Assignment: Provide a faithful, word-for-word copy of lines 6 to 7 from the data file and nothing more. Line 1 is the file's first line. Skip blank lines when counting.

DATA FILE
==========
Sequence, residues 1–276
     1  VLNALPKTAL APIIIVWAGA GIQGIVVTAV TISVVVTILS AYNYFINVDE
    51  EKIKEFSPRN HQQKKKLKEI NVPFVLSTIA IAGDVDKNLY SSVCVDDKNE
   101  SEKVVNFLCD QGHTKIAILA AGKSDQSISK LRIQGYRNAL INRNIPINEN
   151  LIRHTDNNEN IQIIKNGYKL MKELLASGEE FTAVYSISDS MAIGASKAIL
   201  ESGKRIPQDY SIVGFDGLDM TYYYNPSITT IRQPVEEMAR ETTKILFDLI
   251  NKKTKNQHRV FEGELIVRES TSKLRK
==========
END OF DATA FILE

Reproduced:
   201  ESGKRIPQDY SIVGFDGLDM TYYYNPSITT IRQPVEEMAR ETTKILFDLI
   251  NKKTKNQHRV FEGELIVRES TSKLRK